# Complexity Theory, Relativity and The Theory of Everything

This week’s guest post is by Matthew Butler, who shows us some insights about how the relationship between complexity and performance can be less than obvious in multiple ways. Matthew is a systems architect and software engineer developing systems for physics research, network security, law enforcement and the Department of Defense. He primarily works in C/C++ and Modern C++ and can be found on Twitter.

There’s a story that’s been told for years about Jon Bentley (Programming Pearls, Addison-Wesley, 1986) coming excitedly into Bjarne Stroustrup’s office one day and posing a problem to him:

“Insert a sequence of random integers into a sorted sequence, then remove those elements one by one as determined by a random sequence of positions. Do you use a vector or a linked list?”

I’m not sure if this is a true story or even if it even happened that way, but it brings up an interesting point about algorithm complexity and data structures.

If we analyze the problem from a strict complexity viewpoint, linked lists should easily beat arrays. Randomly inserting into a linked list is O(1) for the insertion and O(n) for finding the correct location. Randomly inserting into an array is O(n) for the insertion and O(n) for finding the correct location. Removal is similar.

This is mainly because arrays require the movement of large blocks of memory on insertion or deletion while linked lists just swizzle a few pointers. So, by a strict complexity analysis, a list implementation should easily win.

But does it?

I tested this hypothesis on std::list, which is a doubly-linked list, and std::vector. I did this for a data set of a small numbers of elements: 100, 1,000, 2,000, 3,000, 4,000, 5,000, 6,000, 7,000, 8,000, 9,000 & 10,000. Each run was timed using a high-resolution timer.

Code segment for std::list:

``````while (count < n)
{
rand_num = rand();

for (it = ll.begin(); it != ll.end(); ++it)
if (rand_num < *it)
break;
ll.insert(it, rand_num);

++count;
}

while (count > 0)
{
rand_num = rand() % count;

it = ll.begin();
ll.erase(it);

--count;
}
``````

Code for std::vector:

``````while (count < n)
{
rand_num = rand();
for (i = 0; i < count; ++i)
if (rand_num < vec[i])
break;
vec.insert(vec.begin() + i, rand_num);
++count;
}

while (count > 0)
{
rand_num = rand() % count;
vec.erase(vec.begin() + rand_num);

--count;
}
``````

Code for an optimized std::vector that uses a binary search to find the insertion point and reserve() to keep the vector from being relocated as it grows.

``````vec.reserve(n);

while (count < n)
{
rand_num = rand();
it = std::lower_bound(vec.begin(), vec.end(), rand_num);
vec.insert(it, rand_num);
++count;
}

while (count > 0)
{
rand_num = rand() % count;
vec.erase(vec.begin() + rand_num);

--count;
}
``````

## The Results

Figure 1 – Performance curves (load vs time) for std::list (green), std::vector (blue) and an optimized std::vector (red) using integers. A lower line means better performance.

Clearly, std::list loses badly. But the surprising result is the nearly flat-lined performance of the optimized version of std::vector. So how did we get graphs that defy what complexity analysis told us we should see?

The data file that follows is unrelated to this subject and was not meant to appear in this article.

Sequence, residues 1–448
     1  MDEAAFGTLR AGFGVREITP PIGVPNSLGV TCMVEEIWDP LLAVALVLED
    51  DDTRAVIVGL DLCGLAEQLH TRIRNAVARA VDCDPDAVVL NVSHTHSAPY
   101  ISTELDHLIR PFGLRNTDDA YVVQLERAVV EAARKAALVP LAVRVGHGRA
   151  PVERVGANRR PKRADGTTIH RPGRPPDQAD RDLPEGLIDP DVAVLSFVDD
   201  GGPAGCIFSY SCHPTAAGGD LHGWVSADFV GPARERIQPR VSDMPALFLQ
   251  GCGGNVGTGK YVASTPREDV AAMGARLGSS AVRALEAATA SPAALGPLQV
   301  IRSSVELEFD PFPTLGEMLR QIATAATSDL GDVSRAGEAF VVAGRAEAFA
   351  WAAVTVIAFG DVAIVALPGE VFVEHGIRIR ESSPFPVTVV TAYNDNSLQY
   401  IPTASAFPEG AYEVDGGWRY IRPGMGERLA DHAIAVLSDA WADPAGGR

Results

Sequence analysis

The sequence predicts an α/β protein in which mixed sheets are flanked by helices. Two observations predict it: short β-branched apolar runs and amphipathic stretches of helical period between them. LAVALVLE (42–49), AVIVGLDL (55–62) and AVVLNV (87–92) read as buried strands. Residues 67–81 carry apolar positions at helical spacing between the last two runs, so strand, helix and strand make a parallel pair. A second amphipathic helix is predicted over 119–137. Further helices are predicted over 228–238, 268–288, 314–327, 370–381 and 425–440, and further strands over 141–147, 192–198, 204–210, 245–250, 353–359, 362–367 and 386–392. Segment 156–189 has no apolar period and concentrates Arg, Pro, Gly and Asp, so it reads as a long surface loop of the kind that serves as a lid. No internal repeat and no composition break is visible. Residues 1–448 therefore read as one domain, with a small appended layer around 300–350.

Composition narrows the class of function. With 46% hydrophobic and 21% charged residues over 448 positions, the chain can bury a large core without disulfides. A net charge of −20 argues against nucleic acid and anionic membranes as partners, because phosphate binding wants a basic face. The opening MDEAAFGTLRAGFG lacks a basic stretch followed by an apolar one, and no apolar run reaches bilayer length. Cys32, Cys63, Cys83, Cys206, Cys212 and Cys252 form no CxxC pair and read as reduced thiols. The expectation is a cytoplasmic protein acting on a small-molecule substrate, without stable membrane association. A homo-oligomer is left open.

This is one of the central failings of complexity analysis. Complexity analysis only looks at the data structure & algorithm as if they’re running in the aether. It doesn’t take into account the relativistic effects of the hardware we’re running on. In this case, the CPU cache and pre-fetcher work under the hood to make sure that the data we need is pre-loaded into the cache lines for faster access.

std::vector, which is just a block of memory, is easy for the pre-fetcher to reason about given our linear access patterns. It anticipates the next blocks of memory we’ll want to access and has them loaded and ready when we try to access them.

Linked lists, on the other hand, can’t be pre-fetched since each new link points somewhere else in memory and the pre-fetcher can’t reason about that. Each move down the list becomes a cache miss causing the CPU to spill the cache line and re-fill it with a different block of memory.

This means that accessing the next element goes from 0.9ns (if it’s in the cache already) to 120ns to get it loaded from main memory. In this case, the best quality of std::list – the ability to swizzle some pointers to insert or delete – is also it’s Achilles heal on cache-based architectures.

If you looked at the code above, you also noticed that I used random access to delete from the vector. While this may seem to be an advantage, it’s really not. There’s no guarantee that the next value to be removed is anywhere near the last one and the pre-fetcher has no understanding of how you structured your data in memory. It just sees memory as one long, formless stream. That means that you potentially take cache misses depending on how big the array is and where you’re looking.

But what about the use of binary search?

That’s a pseudo-random access pattern which should cause a fair amount of cache misses. And yet the “performance-tuned” std::vector was blazingly fast even with it’s cache misses.

There are a few things to keep in mind:

• We did O(log n) accesses for a binary search which is far fewer than a linear traversal which is O(n).

• The branch predictor works to make the single if() statement inside the binary search more efficient by predicting which outcome is more likely on each loop.

• We pre-allocated the entire array which means that it didn’t have to be relocated as it grew and potentially ran out of space.

## Larger Data

But what happens if the data we’re handling isn’t an integer? What if it’s something larger, like a 4K buffer?

Here are the results using the same code but using a 4K buffer.